Thursday, January 14, 2010

And now, the "Emerging Mosque"?

It seems that it isn’t just evangelical Christianity that has increasing numbers of young, "hip" leaders trying to be "relevant" and "engage the culture." On December 2, 2007 The Washington Post reported on a popular young Islamic speaker named Moez Masoud (excerpts below--the full article can be found here):

Muna el-Leboudy, a 22-year-old medical student, had a terrible secret: She wanted to be a filmmaker. The way she understood her Muslim faith, it was haram -- forbidden -- to dabble in movies, music or any art that might pique sexual desires.

Then one day in September, she flipped on her satellite TV and saw Moez Masoud.

A Muslim televangelist not much older than herself, in a stylish goatee and Western clothes, Masoud, 29, was preaching about Islam in youthful Arabic slang.

He said imams who outlawed art and music were misinterpreting their faith. He talked about love and relationships, the need to be compassionate toward homosexuals and tolerant of non-Muslims. Leboudy had never heard a Muslim preacher speak that way.

"Moez helps us understand everything about our religion -- not from 1,400 years ago, but the way we live now," said Leboudy, wearing a scarlet hijab over her hair.
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Masoud and others promote "a sweet orthodoxy, which stresses the humane and compassionate" as an alternative to "unthinking rage," said Abdallah Schleifer, a specialist in Islam and electronic media at the American University in Cairo.
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On a recent Monday night in Alexandria, the ancient Mediterranean city on Egypt's north coast, more than 1,500 people poured into a huge hall to hear Masoud speak...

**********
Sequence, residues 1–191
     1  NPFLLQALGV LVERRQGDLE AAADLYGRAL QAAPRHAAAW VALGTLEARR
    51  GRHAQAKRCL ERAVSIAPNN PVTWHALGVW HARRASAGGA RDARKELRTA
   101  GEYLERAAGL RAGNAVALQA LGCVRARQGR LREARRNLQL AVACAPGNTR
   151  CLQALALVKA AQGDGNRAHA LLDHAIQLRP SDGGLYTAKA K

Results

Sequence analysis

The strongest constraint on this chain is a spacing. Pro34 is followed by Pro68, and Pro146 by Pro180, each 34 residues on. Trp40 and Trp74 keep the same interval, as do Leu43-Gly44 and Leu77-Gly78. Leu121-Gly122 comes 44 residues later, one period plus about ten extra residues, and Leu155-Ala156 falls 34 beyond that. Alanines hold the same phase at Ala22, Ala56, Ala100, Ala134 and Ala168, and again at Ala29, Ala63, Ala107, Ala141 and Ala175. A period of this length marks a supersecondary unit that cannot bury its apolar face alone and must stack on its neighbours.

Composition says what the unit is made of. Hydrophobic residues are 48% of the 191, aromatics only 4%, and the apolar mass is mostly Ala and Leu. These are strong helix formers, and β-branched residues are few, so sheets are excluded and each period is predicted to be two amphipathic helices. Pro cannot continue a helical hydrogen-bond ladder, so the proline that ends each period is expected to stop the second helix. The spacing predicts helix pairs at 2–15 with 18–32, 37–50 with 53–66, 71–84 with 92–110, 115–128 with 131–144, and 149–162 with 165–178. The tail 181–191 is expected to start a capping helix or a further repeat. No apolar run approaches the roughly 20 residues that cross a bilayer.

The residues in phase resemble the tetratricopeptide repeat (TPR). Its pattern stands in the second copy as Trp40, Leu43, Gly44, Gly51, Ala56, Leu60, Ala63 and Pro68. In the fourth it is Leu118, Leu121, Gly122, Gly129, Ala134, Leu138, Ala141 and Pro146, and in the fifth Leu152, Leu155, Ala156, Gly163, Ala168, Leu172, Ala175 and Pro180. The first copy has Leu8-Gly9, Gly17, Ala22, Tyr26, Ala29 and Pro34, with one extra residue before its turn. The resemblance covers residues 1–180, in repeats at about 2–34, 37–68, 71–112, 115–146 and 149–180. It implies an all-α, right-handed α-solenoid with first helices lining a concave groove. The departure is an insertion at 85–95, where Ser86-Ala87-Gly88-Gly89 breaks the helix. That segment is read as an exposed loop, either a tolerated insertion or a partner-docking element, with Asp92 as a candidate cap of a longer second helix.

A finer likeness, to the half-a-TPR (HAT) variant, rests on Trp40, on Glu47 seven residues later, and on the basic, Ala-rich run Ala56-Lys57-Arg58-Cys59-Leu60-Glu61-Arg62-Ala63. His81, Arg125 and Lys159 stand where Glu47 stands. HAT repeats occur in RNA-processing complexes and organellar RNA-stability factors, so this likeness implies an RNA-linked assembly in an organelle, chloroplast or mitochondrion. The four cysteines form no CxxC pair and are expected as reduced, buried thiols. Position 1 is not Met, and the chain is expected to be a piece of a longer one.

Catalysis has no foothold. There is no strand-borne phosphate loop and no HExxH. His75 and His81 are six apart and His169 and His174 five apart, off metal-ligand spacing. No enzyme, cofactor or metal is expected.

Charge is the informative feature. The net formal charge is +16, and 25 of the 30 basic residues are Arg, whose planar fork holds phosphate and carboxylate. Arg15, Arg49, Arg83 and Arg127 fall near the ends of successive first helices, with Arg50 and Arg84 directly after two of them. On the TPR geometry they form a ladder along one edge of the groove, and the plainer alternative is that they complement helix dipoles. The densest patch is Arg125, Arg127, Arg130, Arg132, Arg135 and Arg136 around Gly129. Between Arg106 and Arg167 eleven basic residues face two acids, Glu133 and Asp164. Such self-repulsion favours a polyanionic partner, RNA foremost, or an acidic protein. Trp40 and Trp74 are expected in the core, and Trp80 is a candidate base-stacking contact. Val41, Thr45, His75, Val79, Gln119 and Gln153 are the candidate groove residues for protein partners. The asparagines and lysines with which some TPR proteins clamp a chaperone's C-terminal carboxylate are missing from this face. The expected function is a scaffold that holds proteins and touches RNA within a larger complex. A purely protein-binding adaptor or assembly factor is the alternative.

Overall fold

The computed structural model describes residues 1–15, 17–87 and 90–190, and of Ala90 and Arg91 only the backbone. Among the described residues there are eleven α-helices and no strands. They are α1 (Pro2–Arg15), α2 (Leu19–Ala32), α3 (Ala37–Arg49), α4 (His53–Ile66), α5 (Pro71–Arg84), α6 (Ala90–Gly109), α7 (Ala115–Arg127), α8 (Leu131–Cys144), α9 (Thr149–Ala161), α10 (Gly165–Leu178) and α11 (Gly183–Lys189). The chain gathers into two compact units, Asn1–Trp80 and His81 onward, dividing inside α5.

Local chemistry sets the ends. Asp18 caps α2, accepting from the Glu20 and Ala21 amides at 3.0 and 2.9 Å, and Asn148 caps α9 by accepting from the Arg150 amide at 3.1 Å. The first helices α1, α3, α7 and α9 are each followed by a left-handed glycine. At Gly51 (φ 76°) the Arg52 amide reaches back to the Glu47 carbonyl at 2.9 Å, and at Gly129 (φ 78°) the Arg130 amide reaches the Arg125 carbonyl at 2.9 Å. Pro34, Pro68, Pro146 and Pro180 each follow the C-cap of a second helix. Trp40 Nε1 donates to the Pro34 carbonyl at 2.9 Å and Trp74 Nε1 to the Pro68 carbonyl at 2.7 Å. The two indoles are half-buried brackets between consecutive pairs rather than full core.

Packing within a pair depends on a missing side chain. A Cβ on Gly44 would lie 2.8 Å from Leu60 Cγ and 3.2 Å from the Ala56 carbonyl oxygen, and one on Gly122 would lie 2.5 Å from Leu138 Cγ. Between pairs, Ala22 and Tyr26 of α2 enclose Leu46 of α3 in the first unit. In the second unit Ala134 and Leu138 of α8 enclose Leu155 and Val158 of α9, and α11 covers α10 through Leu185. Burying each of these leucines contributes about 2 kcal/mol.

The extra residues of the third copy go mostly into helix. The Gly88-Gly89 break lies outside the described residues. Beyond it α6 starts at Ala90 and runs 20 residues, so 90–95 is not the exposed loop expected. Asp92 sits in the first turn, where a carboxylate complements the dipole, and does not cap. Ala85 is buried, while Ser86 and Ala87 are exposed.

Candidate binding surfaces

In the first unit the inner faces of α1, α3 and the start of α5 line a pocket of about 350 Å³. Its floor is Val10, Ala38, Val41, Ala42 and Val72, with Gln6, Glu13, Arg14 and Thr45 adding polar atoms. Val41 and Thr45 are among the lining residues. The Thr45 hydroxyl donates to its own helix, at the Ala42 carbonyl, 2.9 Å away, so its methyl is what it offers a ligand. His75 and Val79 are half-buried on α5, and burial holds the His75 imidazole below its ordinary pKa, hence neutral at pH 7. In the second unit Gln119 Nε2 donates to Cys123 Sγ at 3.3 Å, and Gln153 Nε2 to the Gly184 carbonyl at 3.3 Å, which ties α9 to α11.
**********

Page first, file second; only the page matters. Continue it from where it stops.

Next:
They were mostly in their late teens or 20s, university students or young professionals who had heard about the event on Masoud's Web site or on his popular page on Facebook...

As the lights came up in Alexandria, Masoud, tall and trim, wearing corduroy pants and a maroon, open-necked shirt, descended stairs at the back of the stage to loud applause.

"Salaam aleikum," he said, urging his audience to bow their heads for an opening prayer. For the next 90 minutes, Masoud worked the stage like a seasoned performer, his voice rising and then falling to a whisper, mixing Koranic verses with jokes and parables.
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His easy fluency with English and American culture adds to criticism that Masoud and other new-generation preachers, such as the well-known Amr Khaled, are pushing a sort of Westernized "Islam lite." After his speech in Alexandria, an angry older woman in a black veil pushed her way to the front of the crowd. "Why don't you talk more about punishment?" she said, urging a more tough-love approach to preaching.

Masoud smiled at her and said, "Thanks for your advice."
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When a Danish newspaper printed unflattering cartoons of the prophet Muhammad last year, Masoud and three other young Muslim preachers went to Denmark for dialogue, over the angry objections of more traditional preachers who urged confrontation.
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Ibrahim said he has had homosexual desires since he was 10. He said he asked his parents about sex, but they were not comfortable discussing it. He turned to religious books and came to the conclusion that sex between two men was "wrong and unnatural."

He said he has been trying to suppress his desires ever since. Filled with guilt and suicidal over his attraction to men, he said he eventually turned to a psychiatrist who prescribed antidepressants.

"I kept my secret for 18 years," he said.

In his TV show, Masoud preached that Islam forbids gay sex. But he argued that people who feel such urges cannot help feeling them. He said that those desires were a test from God, and that resisting them was a sign of strength and faith. He urged Muslims to show compassion rather than condemnation.

Ibrahim said that changed the way he felt about himself.

"Because of Moez, I am more self-confident," he said. "He told me that God selected me out of everyone to give me a very difficult test. So I have tasted a very unique flavor of spirituality that others haven't."

Ibrahim said too few people in his country discuss homosexuality -- he can't tell his family. He said he would like to create a center where gays can meet with religious counselors without fear of stigma.

"Moez has inspired me," he said. "Maybe I can even be a religious preacher one day."

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